Actually, that was how it all started on AMC. Next it was "just one" in the middle of the film. Then the proverbial camel got his whole figure inside the tent and goodness knows, I'm sure that right now they are plotting on

 

Adding

More

Commercials

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I too- sadly- am old enough to remember commercial-free AMC. I'm not sad because of my age... I'm sad because the old AMC is just a memory, and when I think of what the network is today I could cry.

 

It's not possible for me to follow the narrative thread of movies with six-minute commercial breaks every nine minutes... even movies I've seen before. I get back from the break and I'm lost, disoriented... who were these characters again? Where were they going...? Do you think the minds, attention-spans and mental processes of those who regularly watch commercial TV are affected by the constant interruption and-

 

This post is sponsored in part by Geico: Fifteen minutes could save you fifteen percent or more on car insurance.

 

I'm sorry, I forgot what I was saying... and for those of you who are afraid to ask for more commercial-free channels: you shouldn't be. The airwaves belong to the people. We deserve free radio, free television, and free wi-fi. Do not let the fact that corporations have taken over the American government dissuade you from asking for what you deserve... do not identify with your captors. TCM is basic-cable and commercial free and makes PLENTY of money. Plenty is enough.

 

AMC could do the same but they buckled, long ago, and now they're part of the problem.

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A Geico commercial could disrupt the best of trains of thought. Something more laid back, such as Robert Wagner pitching reverse mortgages, would be less disruptive, and seeing Wagner's face makes it seem as if you're still watching the film.

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In the pre-cable days, the commercials supposedly paid for the programming. Now, we pay for cable service and STILL get commercials on cable only stations(TNT, TBS, USA, etc.). It's like they're double dipping! And yes, those bottom-of-the-screen graphics annoy me no end. Do we REALLY need to know WHAT dumb-a** show starts new episodes SIX WEEKS FROM NOW?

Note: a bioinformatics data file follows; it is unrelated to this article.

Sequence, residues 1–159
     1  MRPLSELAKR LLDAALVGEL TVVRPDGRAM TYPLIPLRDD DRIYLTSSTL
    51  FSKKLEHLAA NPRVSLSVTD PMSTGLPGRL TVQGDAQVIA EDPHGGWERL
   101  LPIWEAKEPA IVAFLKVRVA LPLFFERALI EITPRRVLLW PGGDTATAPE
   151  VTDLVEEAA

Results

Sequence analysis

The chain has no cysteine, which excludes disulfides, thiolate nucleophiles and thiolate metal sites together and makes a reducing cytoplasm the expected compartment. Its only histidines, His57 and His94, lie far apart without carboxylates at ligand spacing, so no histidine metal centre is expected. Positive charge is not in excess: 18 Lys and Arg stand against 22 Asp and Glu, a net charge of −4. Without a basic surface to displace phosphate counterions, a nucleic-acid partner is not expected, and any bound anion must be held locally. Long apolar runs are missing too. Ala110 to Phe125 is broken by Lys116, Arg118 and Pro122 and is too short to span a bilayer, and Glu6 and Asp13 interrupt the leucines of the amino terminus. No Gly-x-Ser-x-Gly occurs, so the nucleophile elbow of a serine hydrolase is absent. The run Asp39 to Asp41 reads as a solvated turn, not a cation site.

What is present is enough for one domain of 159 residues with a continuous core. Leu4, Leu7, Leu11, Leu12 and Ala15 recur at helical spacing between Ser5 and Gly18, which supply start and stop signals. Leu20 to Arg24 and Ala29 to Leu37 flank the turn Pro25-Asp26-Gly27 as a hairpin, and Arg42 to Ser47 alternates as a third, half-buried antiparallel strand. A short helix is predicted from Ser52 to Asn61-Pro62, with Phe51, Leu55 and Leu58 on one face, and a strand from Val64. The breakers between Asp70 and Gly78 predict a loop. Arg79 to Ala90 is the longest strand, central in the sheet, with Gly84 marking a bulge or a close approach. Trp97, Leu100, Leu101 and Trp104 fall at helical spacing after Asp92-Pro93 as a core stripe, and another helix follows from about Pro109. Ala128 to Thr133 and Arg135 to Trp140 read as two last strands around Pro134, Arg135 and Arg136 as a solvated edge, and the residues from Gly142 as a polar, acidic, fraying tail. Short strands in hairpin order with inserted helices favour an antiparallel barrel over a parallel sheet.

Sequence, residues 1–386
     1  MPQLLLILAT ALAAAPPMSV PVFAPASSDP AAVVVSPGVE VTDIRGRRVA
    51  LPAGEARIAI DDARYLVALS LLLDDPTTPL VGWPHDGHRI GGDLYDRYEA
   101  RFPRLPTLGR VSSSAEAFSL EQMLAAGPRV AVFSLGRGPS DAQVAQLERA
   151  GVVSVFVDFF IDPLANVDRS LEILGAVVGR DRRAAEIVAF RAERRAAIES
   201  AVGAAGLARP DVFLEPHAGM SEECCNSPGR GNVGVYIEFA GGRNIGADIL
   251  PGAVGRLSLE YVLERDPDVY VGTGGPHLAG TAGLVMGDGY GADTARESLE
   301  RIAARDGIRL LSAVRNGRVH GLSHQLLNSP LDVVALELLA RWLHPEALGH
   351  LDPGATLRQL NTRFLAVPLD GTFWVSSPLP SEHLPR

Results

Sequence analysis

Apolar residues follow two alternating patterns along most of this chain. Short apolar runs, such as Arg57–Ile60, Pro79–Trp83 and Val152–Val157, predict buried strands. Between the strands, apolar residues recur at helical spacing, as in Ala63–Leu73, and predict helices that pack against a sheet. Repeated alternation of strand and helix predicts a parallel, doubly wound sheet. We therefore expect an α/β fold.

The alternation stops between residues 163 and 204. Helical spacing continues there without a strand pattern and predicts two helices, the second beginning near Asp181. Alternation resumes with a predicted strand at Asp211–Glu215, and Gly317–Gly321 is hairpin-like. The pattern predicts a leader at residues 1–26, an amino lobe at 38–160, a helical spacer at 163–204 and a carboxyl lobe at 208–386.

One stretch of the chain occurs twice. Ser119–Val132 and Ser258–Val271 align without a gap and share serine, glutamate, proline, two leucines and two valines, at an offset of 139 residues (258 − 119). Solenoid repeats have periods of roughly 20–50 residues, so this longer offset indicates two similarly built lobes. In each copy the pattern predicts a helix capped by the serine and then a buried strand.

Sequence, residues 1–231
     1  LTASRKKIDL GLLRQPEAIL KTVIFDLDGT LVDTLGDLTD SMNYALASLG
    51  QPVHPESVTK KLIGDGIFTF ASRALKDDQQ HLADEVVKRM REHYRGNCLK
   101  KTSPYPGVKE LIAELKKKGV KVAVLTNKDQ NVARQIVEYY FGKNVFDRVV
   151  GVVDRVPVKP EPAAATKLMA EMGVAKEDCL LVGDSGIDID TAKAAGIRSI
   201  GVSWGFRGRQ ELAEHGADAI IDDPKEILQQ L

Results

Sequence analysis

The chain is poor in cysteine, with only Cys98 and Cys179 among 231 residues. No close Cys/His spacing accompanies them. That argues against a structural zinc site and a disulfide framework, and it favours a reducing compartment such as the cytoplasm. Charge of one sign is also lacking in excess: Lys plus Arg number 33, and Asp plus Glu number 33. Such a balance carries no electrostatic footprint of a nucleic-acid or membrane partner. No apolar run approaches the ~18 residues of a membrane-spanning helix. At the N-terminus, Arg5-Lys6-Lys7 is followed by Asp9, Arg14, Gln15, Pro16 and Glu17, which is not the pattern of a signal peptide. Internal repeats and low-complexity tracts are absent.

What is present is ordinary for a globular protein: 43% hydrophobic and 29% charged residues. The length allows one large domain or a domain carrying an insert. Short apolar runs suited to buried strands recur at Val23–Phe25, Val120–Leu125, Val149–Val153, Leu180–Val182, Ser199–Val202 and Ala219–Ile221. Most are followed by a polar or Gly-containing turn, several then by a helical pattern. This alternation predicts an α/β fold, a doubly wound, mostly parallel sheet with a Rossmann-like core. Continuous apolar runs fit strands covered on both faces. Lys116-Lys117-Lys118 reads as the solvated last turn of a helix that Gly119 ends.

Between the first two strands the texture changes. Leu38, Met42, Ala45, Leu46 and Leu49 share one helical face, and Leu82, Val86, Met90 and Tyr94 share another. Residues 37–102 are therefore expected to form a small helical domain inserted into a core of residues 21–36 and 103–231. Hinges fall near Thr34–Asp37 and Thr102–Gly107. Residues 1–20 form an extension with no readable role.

Sepiatone

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I remember AMC back before TCM came along, and while it was never even close to being on the same level as TCM is today, compared to everything that had gone before it seemed like heaven on Earth.

 

As to the cause of its decline, I'd venture a guess that as soon as TCM showed up and started getting rave notices from all over**, AMC saw the writing on the wall and decided that rather to try to compete with TCM, it would go another route. I definitely noticed a drop in the quality of AMC's selection as soon as TCM started adding more cable providers, though even then it was still several years down the road before they began the commercials and really piled on the schlock. I haven't watched it for nearly 10 years, and every time I look at their schedule and think of those commercials, I know I'm not missing a thing.